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I have a central package that provides several interfaces that other packages are dependent on (let us call one Client). Those other packages, provide several implementations of those first interfaces (UDPClient, TCPClient). I instantiate a Client by calling NewClient in the central package, and it selects and invokes the appropriate client implementation from one of the dependent packages.

This falls apart when I want to tell the central package about those other packages, so it knows what clients it can create. Those dependent client implementations also import the central package, creating a cyclic dependency which Go does not allow.

What's the best way forward? I'd prefer not to mash all those implementations in a single package, and creating a separate registry package seems overkill. Currently I have each implementation register itself with the central package, but this requires that the user knows to import every implementation in every separate binary that makes use of client.

import (
    _ udpclient
    _ tcpclient
    client
)
27

The standard library solves this problem in multiple ways:

1) Without a "Central" Registry

Example of this is the different hash algorithms. The crypto package just defines the Hash interface (the type and its methods). Concrete implementations are in different packages (actually subfolders but doesn't need to be) for example crypto/md5 and crypto/sha256.

When you need a "hasher", you explicitly state which one you want and instantiate that one, e.g.

h1 := md5.New()
h2 := sha256.New()

This is the simplest solution and it also gives you good separation: the hash package does not have to know or worry about implementations.

This is the preferred solution if you know or you can decide which implementation you want prior.

2) With a "Central" Registry

This is basically your proposed solution. Implementations have to register themselves in some way (usually in a package init() function).

An example of this is the image package. The package defines the Image interface and several of its implementations. Different image formats are defined in different packages such as image/gif, image/jpeg and image/png.

The image package has a Decode() function which decodes and returns an Image from the specified io.Reader. Often it is unknown what type of image comes from the reader and so you can't use the decoder algorithm of a specific image format.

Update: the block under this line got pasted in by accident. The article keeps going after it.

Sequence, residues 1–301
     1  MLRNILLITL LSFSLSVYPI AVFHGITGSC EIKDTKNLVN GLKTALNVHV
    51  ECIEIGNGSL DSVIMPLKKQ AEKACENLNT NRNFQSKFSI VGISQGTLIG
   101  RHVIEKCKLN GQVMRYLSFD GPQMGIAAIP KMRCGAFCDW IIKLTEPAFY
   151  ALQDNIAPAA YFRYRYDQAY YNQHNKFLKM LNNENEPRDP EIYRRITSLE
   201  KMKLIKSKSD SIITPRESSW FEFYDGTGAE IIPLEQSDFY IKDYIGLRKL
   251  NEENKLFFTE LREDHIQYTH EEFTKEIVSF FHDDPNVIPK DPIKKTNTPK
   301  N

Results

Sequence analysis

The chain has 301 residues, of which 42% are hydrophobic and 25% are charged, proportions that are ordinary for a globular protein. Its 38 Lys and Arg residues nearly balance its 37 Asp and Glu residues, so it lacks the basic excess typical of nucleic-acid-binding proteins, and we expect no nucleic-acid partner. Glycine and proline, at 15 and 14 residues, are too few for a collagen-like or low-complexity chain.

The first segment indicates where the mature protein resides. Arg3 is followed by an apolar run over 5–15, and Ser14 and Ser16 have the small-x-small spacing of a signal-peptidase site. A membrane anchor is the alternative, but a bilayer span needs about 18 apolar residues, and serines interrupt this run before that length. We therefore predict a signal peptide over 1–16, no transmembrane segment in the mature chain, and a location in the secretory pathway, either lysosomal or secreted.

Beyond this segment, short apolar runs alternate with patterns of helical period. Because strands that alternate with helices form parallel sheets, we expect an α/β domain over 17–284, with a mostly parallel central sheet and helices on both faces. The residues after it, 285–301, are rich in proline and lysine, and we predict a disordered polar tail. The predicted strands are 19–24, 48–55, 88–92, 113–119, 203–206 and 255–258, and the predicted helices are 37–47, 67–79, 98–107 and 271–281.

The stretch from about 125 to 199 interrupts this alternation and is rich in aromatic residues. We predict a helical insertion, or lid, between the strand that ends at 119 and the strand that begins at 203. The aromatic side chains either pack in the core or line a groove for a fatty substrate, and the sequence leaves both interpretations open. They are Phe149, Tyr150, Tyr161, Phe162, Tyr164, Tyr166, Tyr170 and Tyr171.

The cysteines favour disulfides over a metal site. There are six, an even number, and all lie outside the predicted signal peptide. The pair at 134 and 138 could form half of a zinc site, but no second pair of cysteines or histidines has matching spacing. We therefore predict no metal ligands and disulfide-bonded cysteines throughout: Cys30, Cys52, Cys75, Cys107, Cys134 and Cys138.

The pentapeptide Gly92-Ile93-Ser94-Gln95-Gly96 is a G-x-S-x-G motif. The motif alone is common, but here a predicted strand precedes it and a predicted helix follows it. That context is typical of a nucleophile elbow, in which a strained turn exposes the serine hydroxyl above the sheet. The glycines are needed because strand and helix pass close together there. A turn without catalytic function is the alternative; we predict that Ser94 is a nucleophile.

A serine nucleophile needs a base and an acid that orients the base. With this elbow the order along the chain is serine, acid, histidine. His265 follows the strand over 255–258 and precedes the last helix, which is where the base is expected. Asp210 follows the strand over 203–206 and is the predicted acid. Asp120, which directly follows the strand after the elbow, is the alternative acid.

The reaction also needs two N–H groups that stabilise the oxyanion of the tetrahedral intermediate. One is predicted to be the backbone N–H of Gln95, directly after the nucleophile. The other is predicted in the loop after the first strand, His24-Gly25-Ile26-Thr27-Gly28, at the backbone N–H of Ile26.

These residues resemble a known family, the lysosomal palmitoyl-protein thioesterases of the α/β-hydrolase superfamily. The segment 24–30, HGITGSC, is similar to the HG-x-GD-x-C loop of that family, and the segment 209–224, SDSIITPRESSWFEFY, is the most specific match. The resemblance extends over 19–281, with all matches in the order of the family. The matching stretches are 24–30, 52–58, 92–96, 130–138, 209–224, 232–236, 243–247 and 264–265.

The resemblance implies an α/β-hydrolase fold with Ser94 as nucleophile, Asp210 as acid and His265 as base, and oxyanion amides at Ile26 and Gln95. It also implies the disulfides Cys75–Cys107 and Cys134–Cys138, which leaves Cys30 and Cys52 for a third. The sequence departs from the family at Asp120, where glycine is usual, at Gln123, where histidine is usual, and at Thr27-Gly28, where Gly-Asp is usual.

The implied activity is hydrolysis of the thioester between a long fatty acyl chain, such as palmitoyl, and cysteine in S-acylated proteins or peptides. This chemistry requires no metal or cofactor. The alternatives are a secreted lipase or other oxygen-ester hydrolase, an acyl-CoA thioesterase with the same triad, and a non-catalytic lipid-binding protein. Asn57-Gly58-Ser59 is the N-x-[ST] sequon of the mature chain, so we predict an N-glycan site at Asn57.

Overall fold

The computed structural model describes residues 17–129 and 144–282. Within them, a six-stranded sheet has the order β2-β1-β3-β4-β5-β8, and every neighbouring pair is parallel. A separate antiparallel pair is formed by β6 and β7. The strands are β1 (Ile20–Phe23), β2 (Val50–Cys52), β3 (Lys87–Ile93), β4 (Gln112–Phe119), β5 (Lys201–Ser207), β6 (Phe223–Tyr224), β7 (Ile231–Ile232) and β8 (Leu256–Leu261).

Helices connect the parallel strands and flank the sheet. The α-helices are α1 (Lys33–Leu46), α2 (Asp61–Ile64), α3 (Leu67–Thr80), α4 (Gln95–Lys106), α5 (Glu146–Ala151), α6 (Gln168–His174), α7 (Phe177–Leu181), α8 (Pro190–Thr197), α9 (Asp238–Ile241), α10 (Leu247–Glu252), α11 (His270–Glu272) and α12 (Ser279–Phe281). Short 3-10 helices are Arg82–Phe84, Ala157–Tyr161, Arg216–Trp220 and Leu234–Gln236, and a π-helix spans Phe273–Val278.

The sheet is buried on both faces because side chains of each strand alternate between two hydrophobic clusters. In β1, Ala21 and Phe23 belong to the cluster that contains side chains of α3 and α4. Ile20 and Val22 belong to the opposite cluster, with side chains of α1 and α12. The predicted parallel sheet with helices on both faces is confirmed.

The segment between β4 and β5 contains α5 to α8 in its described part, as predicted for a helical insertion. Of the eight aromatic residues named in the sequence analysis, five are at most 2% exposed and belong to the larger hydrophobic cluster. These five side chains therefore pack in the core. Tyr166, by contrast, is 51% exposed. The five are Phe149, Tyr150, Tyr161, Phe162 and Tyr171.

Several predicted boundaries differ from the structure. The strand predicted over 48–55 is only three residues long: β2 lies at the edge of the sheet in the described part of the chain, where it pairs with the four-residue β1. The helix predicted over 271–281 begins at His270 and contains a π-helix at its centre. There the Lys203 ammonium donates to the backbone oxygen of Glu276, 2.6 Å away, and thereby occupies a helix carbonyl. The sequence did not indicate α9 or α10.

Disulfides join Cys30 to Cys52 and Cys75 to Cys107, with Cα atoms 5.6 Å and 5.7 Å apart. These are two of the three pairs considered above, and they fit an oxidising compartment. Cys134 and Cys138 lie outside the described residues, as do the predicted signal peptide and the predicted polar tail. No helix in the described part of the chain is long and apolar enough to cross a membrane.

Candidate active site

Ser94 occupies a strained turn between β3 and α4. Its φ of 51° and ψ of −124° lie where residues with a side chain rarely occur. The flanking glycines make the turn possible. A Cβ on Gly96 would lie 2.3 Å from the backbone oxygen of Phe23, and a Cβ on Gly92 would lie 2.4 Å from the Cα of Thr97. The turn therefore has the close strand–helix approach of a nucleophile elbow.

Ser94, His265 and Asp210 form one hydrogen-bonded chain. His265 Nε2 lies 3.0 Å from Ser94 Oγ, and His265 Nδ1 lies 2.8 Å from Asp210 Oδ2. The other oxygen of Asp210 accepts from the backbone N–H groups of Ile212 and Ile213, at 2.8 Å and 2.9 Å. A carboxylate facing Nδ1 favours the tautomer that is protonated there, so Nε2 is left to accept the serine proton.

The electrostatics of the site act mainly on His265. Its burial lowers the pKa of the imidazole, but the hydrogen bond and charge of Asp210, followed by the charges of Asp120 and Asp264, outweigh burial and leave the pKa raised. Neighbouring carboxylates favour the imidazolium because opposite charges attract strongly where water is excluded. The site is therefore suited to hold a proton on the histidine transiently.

In this case if we want the image decoding mechanism to be extensible, a registration is unavoidable. The cleanest to do this is in package init() functions which is triggered by specifying the blank identifier for the package name when importing.

Note that this solution also gives you the possibility to use a specific implementation to decode an image, the concrete implementations also provide the Decode() function, for example png.Decode().


So the best way?

Depends on what your requirements are. If you know or you can decide which implementation you need, go with #1. If you can't decide or you don't know and you need extensibility, go with #2.

...Or go with #3 presented below.

3) Proposing a 3rd Solution: "Custom" Registry

You can still have the convenience of the "central" registry with interface and implementations separated with the expense of "auto-extensibility".

The idea is that you have the interface in package pi. You have implementations in package pa, pb etc.

And you create a package pf which will have the "factory" methods you want, e.g. pf.NewClient(). The pf package can refer to packages pa, pb, pi without creating a circular dependency.

  • May I have more clarification on solution #2? Is the 2nd last paragraph, an init functions refers to each init function in central and implementations? – JohanSJA Mar 27 '15 at 0:44
  • 1
    Great answer. So, I think #2 doesn't work for me because to use your example, my image packages image/* need to import image because parts of the interface they're implementing includes other interfaces in image. I think you saw this, because #3 directly addresses this. – Matt Joiner Mar 27 '15 at 3:32
  • @JohanSJA I'm referring to the subpackages: png decoder will only work and be available for the image.Decode() function if the init() functions of the image/png package have been executed which register the png decoder at the registry of the image package. This (calling init() functions of image/png) is triggered if you import the package (even with just the _ blank identifier): import _ "image/png". – icza Mar 27 '15 at 7:41
  • @MattJoiner Yes, that is correct. Solution #3 solves this by moving the "factory" functions to a new package therefore pi does not need to import the implementation packages pa and pb. – icza Mar 27 '15 at 7:44
  • 1
    Thank you for addressing this unreasonably contentious issue. – Matt Joiner Mar 29 '15 at 5:06
4

Those dependent client implementations also import the central package

They should rely on another package defining interfaces that they need to rely on (and that are implemented by the first central package).

This is usually how an import cycle is broken (and/or using dependency inversion).

You have more options described in "Cyclic dependencies and interfaces in Golang".

go list -f can also help visualizing those import cycles.

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